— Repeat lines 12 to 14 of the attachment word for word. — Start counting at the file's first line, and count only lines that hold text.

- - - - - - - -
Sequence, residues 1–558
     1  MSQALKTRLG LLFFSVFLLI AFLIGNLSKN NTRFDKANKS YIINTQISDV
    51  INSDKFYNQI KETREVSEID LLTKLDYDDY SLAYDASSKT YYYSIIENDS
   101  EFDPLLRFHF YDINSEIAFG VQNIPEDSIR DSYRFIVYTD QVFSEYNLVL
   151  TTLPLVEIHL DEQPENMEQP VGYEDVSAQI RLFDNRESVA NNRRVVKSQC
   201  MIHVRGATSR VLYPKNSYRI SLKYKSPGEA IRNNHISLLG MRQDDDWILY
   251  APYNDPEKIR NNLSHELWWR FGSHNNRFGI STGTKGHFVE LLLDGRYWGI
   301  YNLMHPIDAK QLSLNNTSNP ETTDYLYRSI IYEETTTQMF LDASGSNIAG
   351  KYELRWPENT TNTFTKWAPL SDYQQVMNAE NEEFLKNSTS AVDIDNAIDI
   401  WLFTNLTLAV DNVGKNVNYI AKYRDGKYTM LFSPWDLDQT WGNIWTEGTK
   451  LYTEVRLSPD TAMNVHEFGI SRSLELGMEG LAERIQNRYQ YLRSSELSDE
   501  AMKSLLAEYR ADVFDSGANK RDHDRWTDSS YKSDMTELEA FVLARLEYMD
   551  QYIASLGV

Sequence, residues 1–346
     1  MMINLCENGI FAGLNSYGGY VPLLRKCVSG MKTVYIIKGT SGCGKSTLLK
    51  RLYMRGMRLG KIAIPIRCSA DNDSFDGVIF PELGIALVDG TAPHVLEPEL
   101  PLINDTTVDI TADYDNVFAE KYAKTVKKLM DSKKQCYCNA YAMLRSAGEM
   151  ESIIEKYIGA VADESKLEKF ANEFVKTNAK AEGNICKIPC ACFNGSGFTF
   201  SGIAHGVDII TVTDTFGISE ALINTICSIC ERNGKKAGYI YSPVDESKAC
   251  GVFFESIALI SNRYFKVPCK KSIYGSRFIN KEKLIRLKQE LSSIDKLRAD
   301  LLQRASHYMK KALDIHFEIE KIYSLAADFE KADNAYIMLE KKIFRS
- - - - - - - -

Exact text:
   501  AMKSLLAEYR ADVFDSGANK RDHDRWTDSS YKSDMTELEA FVLARLEYMD
   551  QYIASLGV

Sequence, residues 1–346